How to Drive on Rocks

More than any other type of four wheel driving, picking and climbing through rocks requires real feel for the vehicle. For some people ‘Rock Crawling’ is a competitive sport and an opportunity to customize a vehicle specifically to challenge the toughest of terrain.

For most people driving over large sections of good size rocks will simply be about with getting from point A to B and many people would prefer to take a longer route than subject their bodies and vehicles to the rigours of boondi-bashing. With a little patience driving over rock doesn’t have to be an experience that leaves your passengers regretting the trip or your car battered and bruised.

ascending rock strewn hill
Thrashing It and Control

This is precisely the time a little self control and planning needs to be employed. The take a run-up and thrash-it-over-the-hill approach just doesn’t cut it on the rocks. Most likely the car will end up stuck, with at least one flat tyre, probably some panel damage and possibly a fair bit of damage to the undercarriage.

Select low range 4x4, first or second gear, and choose a driving line. Think constantly about where each individual tyre will be placed and where the highest ground is so as to keep the car from bottoming out. Avoid having the car wedged atop a mound and see-sawing unable to move on. Likewise deep gullies are great places to lodge your front and rear bumpers and leave all four wheels swinging in the breeze.

Avoid dropping both front wheels over ledges together and approach them at an angle allowing each wheel to enter and depart the obstacle individually.

Focus and Rhythm

Don’t focus your eyes on the two metres at the front of your car. Because of your slow speed you have plenty of time to scan the route and modify it as you go. With practise you will always have a solid path picked out and the actual driving is just a matter of going through the motions.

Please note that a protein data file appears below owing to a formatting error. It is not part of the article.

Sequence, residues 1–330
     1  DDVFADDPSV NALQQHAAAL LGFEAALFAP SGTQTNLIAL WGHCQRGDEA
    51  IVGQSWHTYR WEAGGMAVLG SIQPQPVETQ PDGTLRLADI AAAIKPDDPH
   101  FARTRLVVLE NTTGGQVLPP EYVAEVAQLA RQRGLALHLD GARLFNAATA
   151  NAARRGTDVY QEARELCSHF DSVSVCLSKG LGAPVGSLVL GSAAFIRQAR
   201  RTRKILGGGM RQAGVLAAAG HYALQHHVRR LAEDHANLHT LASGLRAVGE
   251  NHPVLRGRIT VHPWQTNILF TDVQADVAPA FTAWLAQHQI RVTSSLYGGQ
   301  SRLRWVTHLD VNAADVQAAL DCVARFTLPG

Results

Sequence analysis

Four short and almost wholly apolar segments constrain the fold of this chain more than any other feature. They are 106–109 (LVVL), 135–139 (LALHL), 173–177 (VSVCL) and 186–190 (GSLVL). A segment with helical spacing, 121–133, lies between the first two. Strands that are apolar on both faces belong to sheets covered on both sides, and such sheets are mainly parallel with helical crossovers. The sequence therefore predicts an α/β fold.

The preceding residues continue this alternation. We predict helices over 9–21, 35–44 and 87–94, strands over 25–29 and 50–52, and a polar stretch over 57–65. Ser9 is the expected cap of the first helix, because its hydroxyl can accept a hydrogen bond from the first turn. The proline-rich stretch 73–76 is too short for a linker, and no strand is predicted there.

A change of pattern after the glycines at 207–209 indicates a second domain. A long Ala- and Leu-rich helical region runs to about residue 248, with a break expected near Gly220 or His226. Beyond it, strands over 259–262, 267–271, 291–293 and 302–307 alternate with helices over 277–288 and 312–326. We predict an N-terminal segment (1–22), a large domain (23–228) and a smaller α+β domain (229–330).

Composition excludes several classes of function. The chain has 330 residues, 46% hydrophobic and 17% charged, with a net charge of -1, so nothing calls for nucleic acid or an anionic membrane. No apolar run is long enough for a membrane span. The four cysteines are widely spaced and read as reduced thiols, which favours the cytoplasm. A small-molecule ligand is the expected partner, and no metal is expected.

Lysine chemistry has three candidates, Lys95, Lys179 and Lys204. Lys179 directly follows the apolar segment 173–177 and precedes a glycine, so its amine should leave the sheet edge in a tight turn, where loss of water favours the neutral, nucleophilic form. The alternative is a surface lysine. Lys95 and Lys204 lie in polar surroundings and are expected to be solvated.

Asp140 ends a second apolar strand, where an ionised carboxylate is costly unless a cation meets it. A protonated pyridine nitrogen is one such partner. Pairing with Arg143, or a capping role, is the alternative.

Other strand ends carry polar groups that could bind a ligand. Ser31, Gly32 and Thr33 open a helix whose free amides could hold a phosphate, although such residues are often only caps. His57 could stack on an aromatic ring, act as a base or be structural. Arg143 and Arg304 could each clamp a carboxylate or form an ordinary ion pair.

Torque and rhythm are the keys and by selecting a low enough gear small throttle adjustments are all that is required to maintain smooth movement. The brake will really only be used to wash off momentum after surging over a larger obstacle while the low gearing nearly makes the clutch redundant. You certainly don’t want to be coasting over rocks with the clutch depressed letting the car drive itself. You need to propel the vehicle.

The aim is to maintain a forward rocking motion, ‘stepping’ from one rock to another and letting each individual wheel find traction. This is the 'feel' component. This combination of gearing, throttle control and wheel placement results in what can be a quite boring and hypnotic drive – albeit one that can involve quite a bit of rolling around from the occupants. It is about constant weight transfer and changes in traction while allowing the car to do its job.

Hills

Even the steepest of hills can be ascended and descended safely providing the car is not allowed to achieve such extreme angles as to roll. Because each wheel is involved in the climbing process it virtually wedges itself between each rock providing a sort of anchor for the next wheel to take over. Water, mud and loose rocks all change the dynamics of this situation and care and good judgement should be used before tackling any large slope.

Drive vertically up and down steep hills. Much like driving in sand dunes the constant weight shifting involved can present problems if the vehicle is driven across the face of hills.

Available ground clearance is vital when driving over rocks and if you are attempting to climb boulders larger than the gap under your car you are probably going to end up in trouble.

illustration deflated tyre over rocks

Tyre pressure for sand has been written about here, however, it also plays an important role in climbing rocks. We are trying to achieve a soft, flexible reaction from the tyres and by releasing some air we can get them to mould and grip the rocks. Reduced pressure also has the effect of making the tyres act like shock absorbers rather than a fully inflated tyre that bounces off the rocks. The image above illustrates how a fully inflated tyre bounces over rocks compared to a tyre deflated by about 25%.

Care should be taken not to pinch the vulnerable sidewalls between rocks and to not slam wheels into rocks and damage rims.

Driving through rocks is not the most comfortable way to travel but sometimes it is the only route to a destination. The key is care and control - bashing your way through eventually leaves bodies sore and 4WD's broken.

available now

◄ The Complete  

Guide To 4WD

and     

The 4WD ►

Campervan Guide

To Outback Touring

Subscribe to our Newsletter